Manufacturing accounts for around 16 per cent of global GDP, and is one of the foundations for the global economy. Denis Brunetti, president of Ericsson in Vietnam, Myanmar, Cambodia, and Laos, analyses the pivotal role smart manufacturing plays in Vietnam’s endeavour towards increasing its industry’s productivity and competitiveness.
In a recent report on connected manufacturing, Ericsson and Swedish tech group Hexagon AB examined five different smart manufacturing applications that may enable manufacturers to conduct their operations more efficiently – autonomous mobile robots, collaborative robots, digital twins, augmented reality, and asset condition monitoring. The report shows that all these cases can pay for themselves in 3-5 years, and when all five are deployed together, payback can occur even within two years.
While the rapid uptake for robotics and overall automation on industry shop floors has been projected for a long time, challenges confronting the sector are manifold. Customers nowadays are increasingly expecting faster delivery and more customised products, which require factories to support flexible production. Supply chain disruption, outdated machinery, data security concerns, and restricted production adaptability also remain some of the long-standing issues.
Connected factories can boost efficiency, safety, reliability, and ultimately profitability with private cellular networks. According to a 2019 survey by Deloitte, a significant majority of manufacturing executives believes smart manufacturing initiatives will drive competitiveness over the next five years.
Manufacturers are increasingly seeing the value of private networks to make their business more agile. Private networks today operate mostly on 4G LTE. Through such networks, enterprises can cut the wires for maximum autonomy on a secured network slice as these networks have the potential to connect and manage entire lifecycles of devices with zero-touch capabilities.
Manufacturing companies are also betting on 5G to deliver ultra-low latency, high bandwidth, and reliable communication. Networks based on 5G are expected to become widely available in 2021 and will play a critical role in bringing about smart manufacturing.
To stay competitive, factories and warehouses must leverage the Industrial Internet of Things (IIoT) and digitalisation to become much more efficient. While industries have automated many processes, secure wireless connectivity empowers factory automation, making industrial automation possible on a much larger scale. By creating a digital foundation, industrial automation will increase productivity and performance. For instance, Ericsson’s factory in Estonia has demonstrated that with AR troubleshooting, the average fault detection time reduction combined with better ergonomics and faster information sharing, can boost productivity by up to 50 per cent.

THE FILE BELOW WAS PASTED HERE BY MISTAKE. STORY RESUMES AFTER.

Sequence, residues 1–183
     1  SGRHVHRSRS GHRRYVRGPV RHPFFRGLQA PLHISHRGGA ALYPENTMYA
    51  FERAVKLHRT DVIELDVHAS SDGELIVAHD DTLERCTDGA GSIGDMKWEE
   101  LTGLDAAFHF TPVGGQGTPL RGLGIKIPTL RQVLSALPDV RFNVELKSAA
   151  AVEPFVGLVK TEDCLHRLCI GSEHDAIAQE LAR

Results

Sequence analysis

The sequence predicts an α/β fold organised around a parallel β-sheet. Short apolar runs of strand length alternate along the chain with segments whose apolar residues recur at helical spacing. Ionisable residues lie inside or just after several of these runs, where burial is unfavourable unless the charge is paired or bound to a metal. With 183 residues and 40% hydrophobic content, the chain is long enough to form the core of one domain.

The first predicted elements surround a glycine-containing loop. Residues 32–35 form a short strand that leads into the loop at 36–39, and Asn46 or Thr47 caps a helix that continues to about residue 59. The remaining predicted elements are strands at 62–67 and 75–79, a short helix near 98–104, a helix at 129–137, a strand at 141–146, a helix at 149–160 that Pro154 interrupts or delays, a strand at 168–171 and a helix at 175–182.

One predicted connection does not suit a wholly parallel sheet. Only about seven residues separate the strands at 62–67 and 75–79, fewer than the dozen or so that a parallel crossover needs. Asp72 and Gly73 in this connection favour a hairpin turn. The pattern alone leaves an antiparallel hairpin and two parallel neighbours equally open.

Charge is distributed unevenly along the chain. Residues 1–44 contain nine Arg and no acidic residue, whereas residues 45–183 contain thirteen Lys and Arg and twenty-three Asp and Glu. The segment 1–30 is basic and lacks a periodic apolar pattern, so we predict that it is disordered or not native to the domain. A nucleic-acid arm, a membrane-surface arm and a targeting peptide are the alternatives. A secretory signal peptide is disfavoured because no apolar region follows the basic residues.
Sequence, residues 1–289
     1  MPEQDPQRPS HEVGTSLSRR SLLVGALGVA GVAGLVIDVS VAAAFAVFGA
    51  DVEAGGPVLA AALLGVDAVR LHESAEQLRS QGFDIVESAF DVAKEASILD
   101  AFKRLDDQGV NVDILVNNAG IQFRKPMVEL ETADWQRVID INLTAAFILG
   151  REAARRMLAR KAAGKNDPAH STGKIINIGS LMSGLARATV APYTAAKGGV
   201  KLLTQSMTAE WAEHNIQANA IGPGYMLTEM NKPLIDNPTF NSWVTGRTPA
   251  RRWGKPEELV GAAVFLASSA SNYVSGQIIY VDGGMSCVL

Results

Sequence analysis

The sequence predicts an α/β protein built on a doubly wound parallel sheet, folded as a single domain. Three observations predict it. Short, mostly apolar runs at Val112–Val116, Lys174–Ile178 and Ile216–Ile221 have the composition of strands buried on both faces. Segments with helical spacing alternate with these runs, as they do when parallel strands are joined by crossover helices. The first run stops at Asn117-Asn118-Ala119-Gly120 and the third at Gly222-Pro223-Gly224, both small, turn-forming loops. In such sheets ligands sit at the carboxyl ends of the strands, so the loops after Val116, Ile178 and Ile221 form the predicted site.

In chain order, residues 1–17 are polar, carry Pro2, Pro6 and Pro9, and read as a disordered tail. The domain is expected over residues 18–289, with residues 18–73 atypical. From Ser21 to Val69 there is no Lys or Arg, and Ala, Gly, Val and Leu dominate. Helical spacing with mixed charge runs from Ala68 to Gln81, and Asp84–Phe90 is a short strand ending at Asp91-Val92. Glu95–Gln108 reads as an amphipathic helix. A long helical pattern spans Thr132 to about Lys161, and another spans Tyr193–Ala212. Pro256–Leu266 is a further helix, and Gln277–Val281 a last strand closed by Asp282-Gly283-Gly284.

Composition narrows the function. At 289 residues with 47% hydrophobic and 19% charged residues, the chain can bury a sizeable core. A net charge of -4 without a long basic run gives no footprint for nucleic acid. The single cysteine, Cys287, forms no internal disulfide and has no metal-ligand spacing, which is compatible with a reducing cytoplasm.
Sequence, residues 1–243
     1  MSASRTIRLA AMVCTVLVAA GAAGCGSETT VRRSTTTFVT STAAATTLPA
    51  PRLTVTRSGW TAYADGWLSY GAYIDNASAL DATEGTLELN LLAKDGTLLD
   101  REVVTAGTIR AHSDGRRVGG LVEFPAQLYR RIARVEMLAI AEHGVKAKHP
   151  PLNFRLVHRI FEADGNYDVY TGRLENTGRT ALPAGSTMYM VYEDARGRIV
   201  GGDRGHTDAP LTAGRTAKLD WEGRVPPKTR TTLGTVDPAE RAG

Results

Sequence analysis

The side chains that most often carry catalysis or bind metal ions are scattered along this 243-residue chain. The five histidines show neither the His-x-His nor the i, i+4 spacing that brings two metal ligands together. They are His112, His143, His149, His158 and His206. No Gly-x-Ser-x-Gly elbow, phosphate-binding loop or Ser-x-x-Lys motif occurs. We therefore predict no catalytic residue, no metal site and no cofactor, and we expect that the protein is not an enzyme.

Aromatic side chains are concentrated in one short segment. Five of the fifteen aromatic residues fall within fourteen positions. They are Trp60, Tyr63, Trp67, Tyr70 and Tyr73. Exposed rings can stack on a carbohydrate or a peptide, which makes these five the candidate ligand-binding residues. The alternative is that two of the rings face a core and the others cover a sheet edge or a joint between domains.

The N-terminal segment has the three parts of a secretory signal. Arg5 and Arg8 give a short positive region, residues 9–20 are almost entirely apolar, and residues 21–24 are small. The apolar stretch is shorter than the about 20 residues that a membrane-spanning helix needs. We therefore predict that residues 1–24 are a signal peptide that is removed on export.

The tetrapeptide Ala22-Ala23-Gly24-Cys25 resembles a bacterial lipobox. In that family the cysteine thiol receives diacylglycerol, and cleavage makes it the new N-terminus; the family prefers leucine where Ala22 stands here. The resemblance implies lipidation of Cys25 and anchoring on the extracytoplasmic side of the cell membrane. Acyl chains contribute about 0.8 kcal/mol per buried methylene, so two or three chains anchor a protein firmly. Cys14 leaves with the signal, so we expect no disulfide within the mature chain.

Industry 4.0 will help make smart machines even smarter, factories more efficient, processes less wasteful, production lines more flexible, and productivity higher. Built on the foundation of smart, secure, and wireless connectivity are many opportunities to extend machine life through predictive maintenance and supporting rapid material handling while monitoring every detail of the shop floor and leveraging collaborative robots simultaneously with mobile communication. This will help factories realise their goal of becoming fully automated.
Enterprises implementing Industry 4.0 need fast, reliable, secure wireless connectivity solutions, and Ericsson offers global connectivity and device management through the IoT Accelerator as well as on-premise connectivity solutions for industries.
Meanwhile, Ericsson and Audi have been collaborating to expand the horizons of tomorrow’s factories with 5G technologies. Following on from the first announced collaboration to pioneer 5G for automotive manufacturing in 2018 and from previous developments with both Audi and SICK, where we introduced safe operation of automated guided vehicles over a 5G network, we have now taken factory automation over a wireless network to the next level with 5G Ultra-Reliable Low-Latency Communication.
Cutting the cables is the real game changer in enabling Industry 4.0. With that, Ericsson and Audi successfully tested 5G URLLC capabilities with real-life industrial automation applications at an Ericsson lab last year.
Ericsson’s cellular technology is empowering manufacturers to create agility by operating with more flexibly, advance operations by allowing efficiency-boosting technologies like AR and autonomous mobile robots, and unlocking intelligence by transforming data into actionable insights that raise productivity.
Here in Vietnam, we are also planning to invest in various smart initiatives, partnering with other Swedish companies as well as our mobile operator customers. Our ambition is further sharpened by the expectation that over two-thirds of global manufacturers will relocate to Asia-Pacific by 2025, with Vietnam clearly attracting a high number of these manufacturing opportunities. At Ericsson, we will support Vietnam in becoming a regional and global smart manufacturing hub.
Ericsson wishes to applaud the Vietnamese government for its strategic leadership in promoting the digital transformation of industries and enterprises, highlighting the importance of technology advancements for Vietnam’s continued socioeconomic prosperity. We fully support the government’s directions to effectively harness opportunities from the Fourth Industrial Revolution with 5G serving as the enabling digital infrastructure to support the rapid and sustainable development of Vietnam.